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Lost Surrey captured in watercolours at The Lightbox, Woking

PUBLISHED: 16:28 08 February 2012 | UPDATED: 21:00 20 February 2013

The Town Hall, Guildford, by John Hassell

The Town Hall, Guildford, by John Hassell

Prolific father and son artists John and Edward Hassell produced in excess of 2,000 watercolours of Surrey in a mere 13 years from 1820 to 1833.

Originally published in Surrey Life magazine January 2012

Prolific father and son artists John and Edward Hassell produced in excess of 2,000 watercolours of Surrey in a mere 13 years from 1820 to 1833.


The result is a beautiful series of works capturing our county in days gone by and now a number of these can be seen in a special exhibition at The Lightbox in Woking until Sunday February 19.


Organised in partnership with the Surrey History Centre and supported by The Friends of The Lightbox, the exhibition focuses on the Hassells depictions of Woking and its surrounding parishes, revealing a picturesque view of Surrey before the age of the railway.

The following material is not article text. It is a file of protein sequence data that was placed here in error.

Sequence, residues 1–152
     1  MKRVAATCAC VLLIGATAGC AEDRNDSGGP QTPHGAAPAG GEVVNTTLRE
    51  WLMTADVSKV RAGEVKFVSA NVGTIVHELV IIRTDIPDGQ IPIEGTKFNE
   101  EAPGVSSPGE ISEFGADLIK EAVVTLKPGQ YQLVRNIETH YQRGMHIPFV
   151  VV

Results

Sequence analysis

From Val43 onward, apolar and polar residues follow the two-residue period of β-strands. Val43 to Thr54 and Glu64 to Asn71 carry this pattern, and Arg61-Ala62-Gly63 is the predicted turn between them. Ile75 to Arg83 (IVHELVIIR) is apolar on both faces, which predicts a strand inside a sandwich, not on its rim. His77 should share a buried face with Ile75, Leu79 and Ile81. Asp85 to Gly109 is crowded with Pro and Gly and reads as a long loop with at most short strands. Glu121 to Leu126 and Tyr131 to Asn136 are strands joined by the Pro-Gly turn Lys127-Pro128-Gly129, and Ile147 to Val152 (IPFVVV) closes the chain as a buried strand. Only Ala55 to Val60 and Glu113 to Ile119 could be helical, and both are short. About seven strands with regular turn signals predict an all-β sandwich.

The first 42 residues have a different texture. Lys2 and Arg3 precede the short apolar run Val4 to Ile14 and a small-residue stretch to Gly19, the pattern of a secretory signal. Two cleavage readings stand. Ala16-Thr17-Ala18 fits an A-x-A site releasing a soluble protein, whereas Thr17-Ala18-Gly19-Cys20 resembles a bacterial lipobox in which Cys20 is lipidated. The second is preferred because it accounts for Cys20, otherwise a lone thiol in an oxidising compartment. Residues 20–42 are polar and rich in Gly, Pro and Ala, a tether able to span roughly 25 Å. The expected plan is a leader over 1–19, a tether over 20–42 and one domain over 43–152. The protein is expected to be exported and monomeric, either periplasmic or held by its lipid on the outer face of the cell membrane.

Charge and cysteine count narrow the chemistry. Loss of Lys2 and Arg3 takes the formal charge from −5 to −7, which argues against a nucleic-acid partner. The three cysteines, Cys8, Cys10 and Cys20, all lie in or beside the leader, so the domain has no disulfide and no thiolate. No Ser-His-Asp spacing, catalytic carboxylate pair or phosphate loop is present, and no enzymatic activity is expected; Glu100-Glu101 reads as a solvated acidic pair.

Though the Hassells earned their living as drawing masters, their topographical watercolours were produced in response to an increasing demand from gentlemen collectors, eager to add colour illustrations to their copies of the three-volume county history of Surrey completed by Owen Manning and William Bray in 1814.



  • Images of Surrey: Watercolours by John and Edward Hassell at The Lightbox, Chobham Road, Woking GU21 4AA. For more information, visit www.thelightbox.org.uk or call 01483 737800

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